Western Baby Crisis: First-Time German Mothers Now Over 30 Years Old on Average

A woman pushing a pram crosses an almost deserted 17th June street near Brandenburger gate
ODD ANDERSEN/AFP via Getty Images

The average age for first-time mothers has hit an all-time record in Germany, climbing to over 30-years-old in 2020 according to figures published by the nation’s statistic agency.

During the first year of coronavirus lockdowns in Germany, the average age of mothers having their first child rose to an average of 30.2 years old, Destatis reported on Tuesday. The age of first-time mothers has a considerable impact on the total fertility rate of a nation, as older mothers are less likely to have further children.

The national statistician noted that this was a over a year older than a decade previously, when the average stood at 29 years old, with the average age increasing consistently through past ten years.

In total, there were approximately 360,000 children born to first-time mothers in 2020, of which 182,400 had mothers between the age of 30 and 40 years old. Less than one per cent (2,900) had a mother under the age of 18 and 2.9 per cent (10,500) were born to mothers over the age of 40.

The increasing trend of women forgoing having children until their thirties has not only impacted Germany, with figures compiled by Eurostat showing that across the European Union the average age for first-time mothers was 29.5 years old. Italy saw the highest average age in 2020 at 31.4 years, with Spain (31.2) and Luxembourg (31.0) coming in second and third across the bloc, respectively.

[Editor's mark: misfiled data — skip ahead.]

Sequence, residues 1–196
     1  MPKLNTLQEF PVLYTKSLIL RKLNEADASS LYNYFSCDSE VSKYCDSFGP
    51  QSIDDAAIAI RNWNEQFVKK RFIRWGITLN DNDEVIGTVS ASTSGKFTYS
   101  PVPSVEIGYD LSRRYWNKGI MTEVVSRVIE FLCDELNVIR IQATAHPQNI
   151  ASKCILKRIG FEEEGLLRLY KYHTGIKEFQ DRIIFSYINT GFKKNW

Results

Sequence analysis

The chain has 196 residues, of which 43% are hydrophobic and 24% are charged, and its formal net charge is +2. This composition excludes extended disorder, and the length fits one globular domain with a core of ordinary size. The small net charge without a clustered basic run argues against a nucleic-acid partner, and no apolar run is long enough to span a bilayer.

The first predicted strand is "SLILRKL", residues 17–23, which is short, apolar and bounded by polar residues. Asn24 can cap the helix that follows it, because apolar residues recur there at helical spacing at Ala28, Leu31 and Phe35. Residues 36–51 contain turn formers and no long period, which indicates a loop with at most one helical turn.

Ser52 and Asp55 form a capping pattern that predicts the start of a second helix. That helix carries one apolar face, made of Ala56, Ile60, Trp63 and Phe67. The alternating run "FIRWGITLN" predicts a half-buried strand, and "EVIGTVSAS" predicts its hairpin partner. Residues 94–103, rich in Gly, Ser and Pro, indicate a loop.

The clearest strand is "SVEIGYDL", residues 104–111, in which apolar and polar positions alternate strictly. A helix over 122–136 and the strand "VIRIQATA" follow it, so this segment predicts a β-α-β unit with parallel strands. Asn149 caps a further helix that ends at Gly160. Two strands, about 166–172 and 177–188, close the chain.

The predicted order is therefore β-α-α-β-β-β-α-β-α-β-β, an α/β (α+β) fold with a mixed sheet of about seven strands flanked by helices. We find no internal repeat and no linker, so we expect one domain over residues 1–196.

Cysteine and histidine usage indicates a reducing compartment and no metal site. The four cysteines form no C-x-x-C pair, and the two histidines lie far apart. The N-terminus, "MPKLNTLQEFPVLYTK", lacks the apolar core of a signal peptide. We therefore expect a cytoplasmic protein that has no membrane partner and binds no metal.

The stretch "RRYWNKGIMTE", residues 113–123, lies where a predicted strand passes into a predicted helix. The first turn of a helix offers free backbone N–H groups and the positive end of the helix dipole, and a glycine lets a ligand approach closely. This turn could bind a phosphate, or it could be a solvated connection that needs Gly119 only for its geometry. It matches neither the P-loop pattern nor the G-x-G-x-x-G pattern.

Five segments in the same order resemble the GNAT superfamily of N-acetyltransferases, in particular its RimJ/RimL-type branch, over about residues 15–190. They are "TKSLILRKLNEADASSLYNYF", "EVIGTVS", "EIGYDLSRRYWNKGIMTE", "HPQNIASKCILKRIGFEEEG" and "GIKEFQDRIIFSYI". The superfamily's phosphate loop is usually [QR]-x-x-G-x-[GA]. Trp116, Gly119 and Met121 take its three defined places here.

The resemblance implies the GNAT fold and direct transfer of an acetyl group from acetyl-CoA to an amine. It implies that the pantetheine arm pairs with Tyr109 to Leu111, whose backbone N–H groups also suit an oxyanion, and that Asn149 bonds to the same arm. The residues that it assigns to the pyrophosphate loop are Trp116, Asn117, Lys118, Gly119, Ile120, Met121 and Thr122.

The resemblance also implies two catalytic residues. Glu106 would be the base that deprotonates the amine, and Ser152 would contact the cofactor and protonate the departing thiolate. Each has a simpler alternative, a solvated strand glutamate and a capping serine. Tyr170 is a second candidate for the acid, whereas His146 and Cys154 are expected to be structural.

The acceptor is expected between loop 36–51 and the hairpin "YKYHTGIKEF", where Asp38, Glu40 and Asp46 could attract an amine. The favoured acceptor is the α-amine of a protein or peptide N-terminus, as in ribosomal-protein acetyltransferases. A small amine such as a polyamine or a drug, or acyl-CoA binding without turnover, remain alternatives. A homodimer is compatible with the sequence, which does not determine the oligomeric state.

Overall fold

The youngest average age for first-time mothers in the EU was sen in Bulgaria at 26.4 years, followed by Romania (27.1) and Slovakia (27.2).

The issue has also impacted Britain, with the UK’s Office for National Statistics revealing in January that 2020 was the first year in which the majority of women remained childless by the age of 30, the first time such a milestone has been recorded in history. Meanwhile, during the same year — the first of coronavirus lockdowns — saw the lowest pregnancy rate in 17 years in Britain, despite hopes of a Covid baby boom.

On top of the ageing population of mothers in Germany, the country has also experienced another major demographic shift in recent years, with Destatis revealing last month that the “migrant background” population hit a record high last year, with over a quarter of the population either being foreign-born or having at least one migrant parent.

The micro-census found that 27.2 per cent of people in Germany had a migrant background in 2021.

Despite the country experiencing negative economic consequences and an increase in violent crime in part due to former Chancellor Angela Merkel’s decision to open up the doors to mass migration during the 2015 Europe Migrant Crisis, her successor, Olaf Scholz’s government has vowed to open up more avenues to migration into Germany.

It has been predicted that by the year 2040, at least one-third of the country will have a migrant background. Major cities are expected to bear the brunt of mass migration, with estimates claiming that Frankfurt could see as much as 70 per cent of its people hailing from abroad.

Frankfurt has already seen a radical shift in its population, becoming the first city in the nation to have a minority-majority population, with native Germans becoming a minority in their own city.

Follow Kurt Zindulka on Twitter here @KurtZindulka


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